The Mansfield Crisis: Segregation Trouble in a Texas Town

The Mansfield Crisis: Segregation Trouble in a Texas Town January 30, 2024

A crisis occurred in Mansfield, Texas, during the fall of 1956. A typical Jim Crow town in the South, Mansfield had numerous “separate but equal” laws for its black citizens. 1950s Mansfield had a population of approximately 1,500 citizens, with 350 of them estimated to be black. These black citizens’ residences were segregated to the West side of town.[1] The only church that permitted black attendance in Mansfield was the all black, Bethlehem Baptist Church. Blacks were required to enter the rear of local grocers, and they sat in the balcony of the local movie theater. Many areas of town were designated as white only areas, and when black people loitered in those areas, white police excessively harassed and harangued them.

Black students attended “Mansfield Color School” up to 9th grade, which were “two long shabby barracks-style buildings placed lengthwise, side-by-side.”[2] Once black students entered high school they had to bus themselves to the only high school that permitted black students, I. M. Terrel High School in Ft. Worth. This required them to wake before the sun rose in the morning and embark on the Continental Trailways bus to Ft. Worth, followed by either walking to the school or boarding another bus to Terrel High School. They would have to do this again at the end of the school day, frequently arriving home after the sun had set. One woman reported that her brothers were commonly away from home for twelve hours a day, due to the 36–40 mile round-trip travel to and from school.[3]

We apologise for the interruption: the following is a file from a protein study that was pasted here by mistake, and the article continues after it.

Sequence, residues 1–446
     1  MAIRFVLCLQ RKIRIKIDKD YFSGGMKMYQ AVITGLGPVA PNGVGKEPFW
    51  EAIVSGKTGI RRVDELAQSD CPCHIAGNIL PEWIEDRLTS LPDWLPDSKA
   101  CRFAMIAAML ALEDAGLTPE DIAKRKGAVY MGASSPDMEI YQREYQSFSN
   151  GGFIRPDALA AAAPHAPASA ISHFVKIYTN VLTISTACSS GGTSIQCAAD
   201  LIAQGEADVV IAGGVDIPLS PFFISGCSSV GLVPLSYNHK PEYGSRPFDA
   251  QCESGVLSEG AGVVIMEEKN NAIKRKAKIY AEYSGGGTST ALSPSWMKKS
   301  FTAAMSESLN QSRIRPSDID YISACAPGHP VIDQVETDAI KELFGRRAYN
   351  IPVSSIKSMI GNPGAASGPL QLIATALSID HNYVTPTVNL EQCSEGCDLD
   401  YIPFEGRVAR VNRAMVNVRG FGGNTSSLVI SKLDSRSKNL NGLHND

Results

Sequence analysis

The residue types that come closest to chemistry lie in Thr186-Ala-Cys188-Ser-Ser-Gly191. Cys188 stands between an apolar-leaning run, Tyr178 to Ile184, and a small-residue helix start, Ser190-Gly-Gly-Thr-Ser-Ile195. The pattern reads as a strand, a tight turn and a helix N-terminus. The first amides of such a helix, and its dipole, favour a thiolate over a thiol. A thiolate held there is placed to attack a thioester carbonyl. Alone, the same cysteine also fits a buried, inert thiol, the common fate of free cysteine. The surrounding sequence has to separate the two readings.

Like the rest of the schools in the nation, Mansfield schools were expected to integrate black students following the pivotal civil rights ruling of Brown v. Board of Education in 1954. Yet, white citizens in Mansfield were reticent to conform to federal law. Through the efforts of local black citizens, and in partnership with the local chapter of the NAACP, Mansfield High School was the first school in our nation to receive a federal court order to integrate.

After an extensive fight in the courts, a class action suit of students finally won an appeal, with not much time to spare, before school registration later that month. The August 17, 1956 mandate of the U. S. Court of Appeals for the Fifth Circuit in the case of Jackson v. Rawdon stated:

Nathaniel Jackson, Charles Moody, and Floyd Stevenson Moody, and all other negro minors of the same class as the named minor plaintiffs, have the right to admission to, and to attend the Mansfield High School on the same basis as members of the white race, and that the refusal of the defendants to admit plaintiffs thereto on account of color or race is unlawful.[4]

However, white citizens in Mansfield were not having it, and they were not going to desegregate without a fight. Their militant and mob resistance to federal law led to events historians now call “The Mansfield Crisis.”

Instead of integrating their high school, these citizens decided to take advantage of the visual function of the high school flagpole and send a message to students expecting to integrate. Typically, the school flagpole hoists the most powerful symbol of our nation, the Stars and Stripes. We give our allegiance to this symbol and when our national flags fly high, in front of our public schools, we feel national pride, peace, and safety.

However, white citizens, during August and September of 1956, twisted the function of their high school flagpole into a nefarious use, as a venue for a hateful, racist, and white supremacist message, employed to instill fear and intimidation in the students who attempted to integrate into Mansfield High School.

Thursday August 30, 1956 was the first day of registration for all students at Mansfield High School. A federal district court ordered the high school to integrate African American students a few days earlier. The school board and community of Mansfield disagreed with the mandated decree and tension mounted as demonstrated by the effigies hung on school grounds as a sign of protest. No African American students registered during the enrollment period and continued attending I.M. Terrell High School in Fort Worth. The high school did not fully integrate until 1965.
Students stand and look up at the effigy hanging from the flagpole at Mansfield High School.